Tanaz Bhathena was born in India and raised in Saudi Arabia and Canada. She is the author of A Girl Like That and The Beauty of the Moment (forthcoming in 2019). Her short stories have appeared in various journals including Blackbird, Witness and Room. Tanaz’s debut novel, A Girl Like That, reveals a rich and wonderful new world to readers. It tackles complicated issues of race, identity, class and religion and paints a portrait of teenage ambition, rebellion and alienation that feels both inventive and universal.
Let’s read an excerpt from the book, A Girl Like That.
By the time I was sixteen, however, it was boys like Abdullah who would help me skip school, who offered me their own cigarettes and smoked with me in their cars, parked in a deserted lot by the Corniche on Thursday afternoons.
Only Abdullah became a lot more than a guy I simply went out with for cigarettes or food— and that became evident when he kissed me on our third date— a light, pleasing dance of lips and tongues that made me forget for a few moments that we were in a public place.
“What’s the matter?” he asked when I pushed him away.
“I thought you liked me.”
I laughed, gently tracing his frown away with a finger.
“I do like you. But maybe we should not keep doing this here.”
I gestured toward the railing in the distance, where a lone man stood, staring at the sunlight glittering on the waves.
Abdullah rolled his eyes. “He’s so far, Zarin. He’s not even turned this way.”
“And when he does turn, we’re going to be the ones in trouble. I’m not taking any chances.”
“Come on.” Abdullah was grinning. “You’re telling me you’ve never done this before?”
“It may surprise you to know that I haven’t,” I said truthfully.
As reckless as I was under most circumstances, I did not want to kiss every guy I went out with on these dates. Half the guys I’d gone out with had been far too worried about the religious police showing up to catch us red- handed, while the other half had been far too intimidated by me and never attempted more than a timid kiss on the hand or the cheek.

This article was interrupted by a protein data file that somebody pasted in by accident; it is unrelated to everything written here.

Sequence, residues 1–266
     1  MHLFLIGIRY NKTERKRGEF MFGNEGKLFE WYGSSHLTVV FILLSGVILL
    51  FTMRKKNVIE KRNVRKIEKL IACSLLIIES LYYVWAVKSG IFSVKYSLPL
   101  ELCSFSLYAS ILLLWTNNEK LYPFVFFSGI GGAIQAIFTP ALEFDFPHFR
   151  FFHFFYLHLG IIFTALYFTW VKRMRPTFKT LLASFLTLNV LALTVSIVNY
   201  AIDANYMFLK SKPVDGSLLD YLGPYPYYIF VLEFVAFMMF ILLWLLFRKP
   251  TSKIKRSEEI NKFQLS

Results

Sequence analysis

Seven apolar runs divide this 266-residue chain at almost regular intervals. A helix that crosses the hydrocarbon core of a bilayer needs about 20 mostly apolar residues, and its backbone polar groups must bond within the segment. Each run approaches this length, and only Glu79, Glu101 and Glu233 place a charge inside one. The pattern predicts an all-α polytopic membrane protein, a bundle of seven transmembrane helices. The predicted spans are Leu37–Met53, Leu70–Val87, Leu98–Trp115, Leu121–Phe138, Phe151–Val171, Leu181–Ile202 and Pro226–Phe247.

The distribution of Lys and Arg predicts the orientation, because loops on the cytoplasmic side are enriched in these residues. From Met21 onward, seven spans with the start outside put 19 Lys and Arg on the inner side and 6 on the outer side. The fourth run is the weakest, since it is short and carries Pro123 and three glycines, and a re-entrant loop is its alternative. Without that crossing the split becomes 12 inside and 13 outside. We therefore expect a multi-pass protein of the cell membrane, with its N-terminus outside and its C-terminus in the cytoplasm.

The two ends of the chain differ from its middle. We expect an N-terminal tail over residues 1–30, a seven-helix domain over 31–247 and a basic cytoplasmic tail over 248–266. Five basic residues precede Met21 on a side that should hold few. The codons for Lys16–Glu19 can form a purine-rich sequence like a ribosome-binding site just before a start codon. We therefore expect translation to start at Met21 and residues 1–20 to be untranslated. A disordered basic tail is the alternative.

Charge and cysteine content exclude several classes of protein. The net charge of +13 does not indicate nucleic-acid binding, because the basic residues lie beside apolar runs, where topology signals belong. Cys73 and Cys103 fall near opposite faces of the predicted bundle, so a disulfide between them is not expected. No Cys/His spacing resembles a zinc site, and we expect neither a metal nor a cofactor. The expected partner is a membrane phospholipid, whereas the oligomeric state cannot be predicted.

Abdullah was an exception in many ways. For one: I genuinely enjoyed his company. He was intelligent. He made me laugh. And he smelled nice too. Which was why, when he leaned in to kiss me, I let him.
There were times when we talked when Abdullah would mention Farhan’s name. “Rizvi and I did this,” or “Rizvi and I did that,” or “Rizvi’s such a loser sometimes, I don’t even know why I’m friends with him.” I listened closely to these little stories— bits and pieces of information about a boy I had only, as of yet, seen in pictures or from a distance during school functions. Those were the nights I would imagine Rizvi’s lips on mine instead of Abdullah’s— a wisp of curiosity that fluttered through my brain when I was falling asleep— a thought I managed to squash before it bloomed into heat. I instantly felt guilty afterward, sometimes even refusing to go out with Abdullah when he texted me a week later, making an excuse of a doctor’s appointment or a test.
The beauty about Abdullah was that he never followed up on my lies or asked additional questions. Cool. Next week then, he always wrote back in reply. It was almost as if he expected me to have a part of myself that I kept private the way he kept parts of his own life a mystery, evading any questions that might have anything to do with his family or childhood.
“Some things are too messed up to explain,” he said, and I agreed.
It made perfect sense for us to be together; to meet up each Thursday to talk, smoke, and sometimes kiss; to lose ourselves in random conversations about school or movies or music for an hour and forget who we really were.